A general existence theorem is proved :

1933 : W. Grunwald, *Ein allgemeines Existenztheorem für algebraische Zahlkörper*, J. reine angew. Math. 169 (1933), 103–107.

and reproved :

1942: G. Whaples, *Non-analytic class field theory and Grünwald's theorem*.
Duke Math. J. 9, (1942). 455–473.

A counter-example is found :

1948 : S. Wang, *A counter-example to Grunwald's theorem*, Ann. Math. 49 (1948), 1008–1009.

and the theorem is corrected :

1950 : S. Wang, *On Grunwald's theorem*, Ann. Math. 51 (1950), 471–484.

twice in the same year :

---- : H. Hasse, *Zum Existenzsatz von Grunwald in der Klassenkörpertheorie*, J. reine angew. Math. 188 (1950), 40–64.

A quarter of a century later, a simpler proof is given :

1974: J. Neukirch, *Eine Bemerkung zum Existenzsatz von Grunwald-Hasse-Wang*, J. Reine Angew. Math. 268/269 (1974), 315–317.

but more than half a century later, corrections to the corrections are required :

2007 : W-D. Geyer & C. Jensen, *Embeddability of quadratic extensions in cyclic extensions*.
Forum Math. 19 (2007), no. 4, 707–725.

2011 : P. Morton, *A correction to Hasse's version of the Grunwald-Hasse-Wang theorem*.
J. Reine Angew. Math. 659 (2011), 169–174.

**Addendum** (2013/05/18)

I'm afraid the above list of errors and corrections might look a bit negative, so let me add a positive note (which will also save you 30,00 € or $42.00 by not having to read it here) :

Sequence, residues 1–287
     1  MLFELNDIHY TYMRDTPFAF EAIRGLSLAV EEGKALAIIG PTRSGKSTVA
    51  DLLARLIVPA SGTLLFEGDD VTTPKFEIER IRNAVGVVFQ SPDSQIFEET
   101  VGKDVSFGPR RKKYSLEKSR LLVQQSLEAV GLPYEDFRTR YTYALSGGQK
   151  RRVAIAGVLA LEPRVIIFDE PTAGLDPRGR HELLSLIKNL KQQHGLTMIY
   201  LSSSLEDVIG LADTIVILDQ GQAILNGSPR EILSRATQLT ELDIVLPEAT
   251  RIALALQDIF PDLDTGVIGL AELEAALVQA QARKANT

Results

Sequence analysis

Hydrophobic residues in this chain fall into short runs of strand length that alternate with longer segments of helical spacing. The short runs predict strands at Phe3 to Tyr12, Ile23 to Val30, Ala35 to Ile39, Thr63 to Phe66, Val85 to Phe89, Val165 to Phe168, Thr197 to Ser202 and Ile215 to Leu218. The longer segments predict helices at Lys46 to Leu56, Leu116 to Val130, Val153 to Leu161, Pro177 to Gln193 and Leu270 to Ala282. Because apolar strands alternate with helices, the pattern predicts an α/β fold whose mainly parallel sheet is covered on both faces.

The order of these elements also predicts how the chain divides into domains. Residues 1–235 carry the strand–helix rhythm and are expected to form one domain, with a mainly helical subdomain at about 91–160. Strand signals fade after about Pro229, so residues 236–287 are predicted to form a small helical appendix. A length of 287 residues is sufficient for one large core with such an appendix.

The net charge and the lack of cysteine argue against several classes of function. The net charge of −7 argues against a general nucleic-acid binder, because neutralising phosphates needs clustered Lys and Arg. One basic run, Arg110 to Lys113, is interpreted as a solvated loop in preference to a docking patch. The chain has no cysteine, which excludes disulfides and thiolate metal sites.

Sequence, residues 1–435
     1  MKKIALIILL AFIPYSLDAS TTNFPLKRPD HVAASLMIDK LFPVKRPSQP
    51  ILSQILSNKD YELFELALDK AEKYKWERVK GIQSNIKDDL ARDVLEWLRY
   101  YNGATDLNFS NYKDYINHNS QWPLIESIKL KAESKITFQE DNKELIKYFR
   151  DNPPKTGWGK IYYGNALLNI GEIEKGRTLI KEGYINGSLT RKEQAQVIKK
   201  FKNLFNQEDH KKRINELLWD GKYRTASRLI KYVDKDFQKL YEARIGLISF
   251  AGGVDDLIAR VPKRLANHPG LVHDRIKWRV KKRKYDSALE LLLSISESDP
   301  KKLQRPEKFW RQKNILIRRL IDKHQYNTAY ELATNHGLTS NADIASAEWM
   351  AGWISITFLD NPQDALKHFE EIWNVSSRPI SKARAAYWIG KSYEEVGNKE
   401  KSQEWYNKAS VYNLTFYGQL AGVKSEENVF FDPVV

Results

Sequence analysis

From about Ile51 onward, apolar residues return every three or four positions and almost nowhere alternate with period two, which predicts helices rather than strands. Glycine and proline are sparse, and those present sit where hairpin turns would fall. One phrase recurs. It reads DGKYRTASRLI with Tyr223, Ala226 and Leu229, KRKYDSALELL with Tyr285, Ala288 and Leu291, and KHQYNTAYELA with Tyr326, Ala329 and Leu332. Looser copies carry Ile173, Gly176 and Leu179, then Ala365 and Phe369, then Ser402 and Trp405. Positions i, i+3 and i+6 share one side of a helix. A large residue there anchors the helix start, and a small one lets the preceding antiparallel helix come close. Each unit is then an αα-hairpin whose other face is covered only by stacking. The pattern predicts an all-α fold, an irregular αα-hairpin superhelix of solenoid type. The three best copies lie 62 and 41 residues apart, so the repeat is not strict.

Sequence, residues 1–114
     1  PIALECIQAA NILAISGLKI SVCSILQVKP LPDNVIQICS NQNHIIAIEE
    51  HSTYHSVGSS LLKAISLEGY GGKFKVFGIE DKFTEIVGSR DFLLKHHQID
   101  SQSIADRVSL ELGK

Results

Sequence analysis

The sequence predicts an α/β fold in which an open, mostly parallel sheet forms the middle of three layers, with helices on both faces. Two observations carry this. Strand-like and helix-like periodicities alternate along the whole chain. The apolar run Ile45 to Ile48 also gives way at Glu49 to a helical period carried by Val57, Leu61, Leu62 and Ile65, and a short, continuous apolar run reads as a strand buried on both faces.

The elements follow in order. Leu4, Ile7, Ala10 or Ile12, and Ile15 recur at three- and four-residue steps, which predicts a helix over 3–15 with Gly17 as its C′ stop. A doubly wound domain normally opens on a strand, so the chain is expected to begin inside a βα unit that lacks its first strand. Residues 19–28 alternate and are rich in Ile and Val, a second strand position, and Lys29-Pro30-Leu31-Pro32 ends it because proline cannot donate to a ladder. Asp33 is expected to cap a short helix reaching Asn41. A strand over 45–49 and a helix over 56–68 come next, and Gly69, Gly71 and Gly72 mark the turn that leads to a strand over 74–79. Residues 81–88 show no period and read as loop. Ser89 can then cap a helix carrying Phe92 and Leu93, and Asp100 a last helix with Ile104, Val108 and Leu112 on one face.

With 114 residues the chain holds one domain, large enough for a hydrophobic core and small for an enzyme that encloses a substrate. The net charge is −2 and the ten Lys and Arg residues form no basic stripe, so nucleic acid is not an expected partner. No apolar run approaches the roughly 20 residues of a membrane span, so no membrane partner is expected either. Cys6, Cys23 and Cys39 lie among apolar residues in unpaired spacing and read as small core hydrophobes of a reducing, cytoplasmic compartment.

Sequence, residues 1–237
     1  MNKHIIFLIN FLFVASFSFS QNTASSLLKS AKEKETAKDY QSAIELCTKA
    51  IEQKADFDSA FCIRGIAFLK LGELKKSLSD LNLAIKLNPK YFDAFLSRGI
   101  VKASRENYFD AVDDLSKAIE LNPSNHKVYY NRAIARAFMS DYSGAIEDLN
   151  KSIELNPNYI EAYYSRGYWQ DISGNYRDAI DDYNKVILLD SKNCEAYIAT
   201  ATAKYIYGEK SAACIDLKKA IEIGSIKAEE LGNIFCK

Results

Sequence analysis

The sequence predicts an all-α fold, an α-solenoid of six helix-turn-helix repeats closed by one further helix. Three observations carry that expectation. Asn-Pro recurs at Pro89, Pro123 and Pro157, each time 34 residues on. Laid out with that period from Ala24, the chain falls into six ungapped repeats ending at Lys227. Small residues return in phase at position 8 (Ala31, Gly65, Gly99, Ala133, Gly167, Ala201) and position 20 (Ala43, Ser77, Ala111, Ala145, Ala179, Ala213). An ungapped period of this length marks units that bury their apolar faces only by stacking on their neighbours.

In 1933, van der Waerden asked in the Jahresbericht : Which quadratic fields can be embedded in cyclic quartic fields ? Solutions were provided by four people, among them Hasse, who generalised the problem to : Under which conditions can a degree-$l$ ($l$ prime) cyclic extension $K_1$ of a number field $K$ be embedded into a degree-$l^n$ cyclic extension $K_n$ of $K$ ?

A. Scholz sent in a "solution" to this problem in 1935 which essentially claimed that the obstructions are purely local in nature. But Hans Richter, a doctoral student of van der Waerden, knew already that there is an exception when $l=2$, so a Scholtz-Richter correction to Scholz's paper was required. In a sense, Richter anticipated not only Wang's counterexample to Grunwald's theorem but also its solution, without mentioning it explicitly as such.